The problem of choreography was of great interest to the industry during that time efforts such as WSCL (Web Service Conversation Language) and WSCI (Web Service Choreography Interface) were submitted to W3C and were published as Technical Notes. Moreover complementary efforts were launched [2]:

"In June 2002, Intalio, Sun, BEA and SAP released a joint specification named Web Services Choreography Interface (WSCI). This specification was also submitted to W3C as a note in August 2002. W3C has since formed a new Working Group called Web Services Choreography Working Group within the Web services Activity. The WSCI specification is one of the primary inputs into the Web Services Choreography Working Group which published a Candidate Recommendation on WS-CDL version 1.0 on November 9th, 2005"[4]. "XLang, WSFL and WSCI are no longer being supported by any standard organization or companies. BPEL replaced Xlang and WSFL WSCI was superseded by WS-CDL"[5].

The upcoming Business Process Modeling Notation version 2.0 will introduce diagrams for specifying service choreographies.[7]

The academic field has put forward other service choreography languages, for example Let's Dance,[8] BPEL4Chor[9] and MAP.[15]

Paradigms of Service choreographies[edit]

Service choreographies specify message-based interactions among participants from a global perspective. In the same way as programming languages can be grouped into programming paradigms, service choreography languages can be grouped in ``styles:[21]

  • Interaction Modelling: the logic of the choreography is specified as a workflow in which the activities represent the message exchanges between the participants [22] (for example Web Service Choreography Description Language (WS-CDL) and Let's Dance[8])
  • Interconnected Interfaces Modelling: the logic of the choreography is split across its participants through the roles they play (i.e. their expected messaging behavior). The roles are connected using message flows, channels, or equivalent constructs[23] (this is for example the case of BPEL4Chor[9])

Research Projects on Choreographies[edit]

There are several active research projects on the topic of service choreography.

References[edit]

  1. ^ S-Cube Knowledge Model: Service Choreography
  2. ^ Chris Peltz: Web Services Orchestration and Choreography. IEEE Computer (COMPUTER) 36(10):46-52 (2003)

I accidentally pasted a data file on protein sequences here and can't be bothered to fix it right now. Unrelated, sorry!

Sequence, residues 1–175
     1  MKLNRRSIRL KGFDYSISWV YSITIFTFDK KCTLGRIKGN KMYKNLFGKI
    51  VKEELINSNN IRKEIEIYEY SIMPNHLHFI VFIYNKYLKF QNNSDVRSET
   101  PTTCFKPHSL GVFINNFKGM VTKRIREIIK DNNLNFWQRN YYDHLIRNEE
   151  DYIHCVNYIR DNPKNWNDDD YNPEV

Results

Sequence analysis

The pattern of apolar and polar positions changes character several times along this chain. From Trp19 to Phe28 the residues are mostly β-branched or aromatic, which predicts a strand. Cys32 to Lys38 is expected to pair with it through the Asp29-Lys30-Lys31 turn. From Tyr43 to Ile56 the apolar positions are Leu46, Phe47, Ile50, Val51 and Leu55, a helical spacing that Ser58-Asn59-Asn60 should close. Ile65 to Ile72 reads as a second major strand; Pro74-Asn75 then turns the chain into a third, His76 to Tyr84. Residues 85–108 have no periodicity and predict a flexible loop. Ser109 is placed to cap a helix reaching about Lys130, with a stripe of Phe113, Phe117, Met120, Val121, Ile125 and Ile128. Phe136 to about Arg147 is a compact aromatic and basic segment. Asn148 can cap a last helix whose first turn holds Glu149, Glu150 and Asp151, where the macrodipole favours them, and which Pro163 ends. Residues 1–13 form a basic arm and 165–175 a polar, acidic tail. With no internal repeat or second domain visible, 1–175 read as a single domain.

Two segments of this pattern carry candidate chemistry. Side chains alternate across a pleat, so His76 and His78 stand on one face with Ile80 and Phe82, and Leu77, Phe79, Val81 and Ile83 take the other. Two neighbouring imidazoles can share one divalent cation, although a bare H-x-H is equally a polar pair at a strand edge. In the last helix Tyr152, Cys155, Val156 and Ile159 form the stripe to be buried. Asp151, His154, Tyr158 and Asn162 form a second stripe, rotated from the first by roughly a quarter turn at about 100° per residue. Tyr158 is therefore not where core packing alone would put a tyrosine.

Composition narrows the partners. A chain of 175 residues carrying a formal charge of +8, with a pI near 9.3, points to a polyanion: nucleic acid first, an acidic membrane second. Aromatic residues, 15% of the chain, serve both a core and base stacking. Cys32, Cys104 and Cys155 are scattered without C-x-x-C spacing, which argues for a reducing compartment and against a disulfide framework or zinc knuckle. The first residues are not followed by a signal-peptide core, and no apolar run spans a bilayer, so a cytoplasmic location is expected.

3. ^ Jianwen Su, Tevfik Bultan, Xiang Fu, Xiangpeng Zhao: Towards a Theory of Web Service Choreographies. WS-FM 2007:1-16
  4. ^ Hongli Yang, Xiangpeng Zhao, Chao Cai, Zongyan Qiu: Exploring the Connection of Choreography and Orchestration with Exception Handling and Finalization/Compensation. FORTE 2007:81-96
  5. ^ Howard Foster, Sebastián Uchitel, Jeff Magee, Jeff Kramer: Model-Based Analysis of Obligations in Web Service Choreography. AICT/ICIW 2006:149
  6. ^ Ashley McNeile: Protocol Contracts with Application to Choreographed Multiparty Collaborations. Service Oriented Computing and Applications Volume 4, Number 2, 109-136 (2010)
  7. ^ a b Jack Vaughan: BPMN 2.0 adds notation to handle BPM choreography. SearchSOA.com, 22 Oct 2009
  8. ^ a b c Johannes Maria Zaha, Alistair P. Barros, Marlon Dumas, Arthur H. M. ter Hofstede: Let's Dance: A Language for Service Behavior Modeling. OTM Conferences 2006:145-162
  9. ^ a b c Gero Decker, Oliver Kopp, Frank Leymann, Mathias Weske: BPEL4Chor: Extending BPEL for Modeling Choreographies. ICWS 2007:296-303
  10. ^ Gero Decker, Mathias Weske: Local Enforceability in Interaction Petri Nets. BPM 2007:305-319
  11. ^ Karsten Schmidt: Controllability of Open Workflow Nets. EMISA 2005:236-249
  12. ^ Nadia Busi, Roberto Gorrieri, Claudio Guidi, Roberto Lucchi, Gianluigi Zavattaro: Choreography and Orchestration Conformance for System Design. COORDINATION 2006:63-81
  13. ^ Tevfik Bultan, Jianwen Su, Xiang Fu: Analyzing Conversations of Web Services. IEEE Internet Computing (INTERNET) 10(1):18-25 (2006)
  14. ^ Michele Mancioppi, Manuel Carro, Willem-Jan van den Heuvel, Mike P. Papazoglou: Sound Multi-party Business Protocols for Service Networks. ICSOC 2008:302-316
  15. ^ a b Adam Barker, Christopher D. Walton, David Robertson: Choreographing Web Services. IEEE Transactions on Services Computing, volume 2, number 2, pages 152-166, IEEE Computer Society, April–June 2009
  16. ^ ShuiGuang Deng, Zhaohui Wu, Mengchu Zhou, Ying Li, Jian Wu: Modeling Service Compatibility with Pi-calculus for Choreography. ER 2006:26-39
  17. ^ Paolo Besana, Adam Barker: An Executable Calculus for Service Choreography. OTM Conferences 2009:373-380
  18. ^ Raman Kazhamiakin, Marco Pistore: Analysis of Realizability Conditions for Web Service Choreographies. FORTE 2006:61-76
  19. ^ Zongyan Qiu, Xiangpeng Zhao, Chao Cai, Hongli Yang: Towards the theoretical foundation of choreography. WWW 2007:973-982
  20. ^ Web Services Choreography Working Group at W3
  21. ^ Gero Decker, Oliver Kopp, Alistair P. Barros: An Introduction to Service Choreographies (Servicechoreographien - eine Einführung). it - Information Technology (IT) 50(2):122-127 (2008)
  22. ^ S-Cube Knowledge Model: Interaction Choreography Model
  23. ^ S-Cube Knowledge Model: Interconnected Interface Choreography Model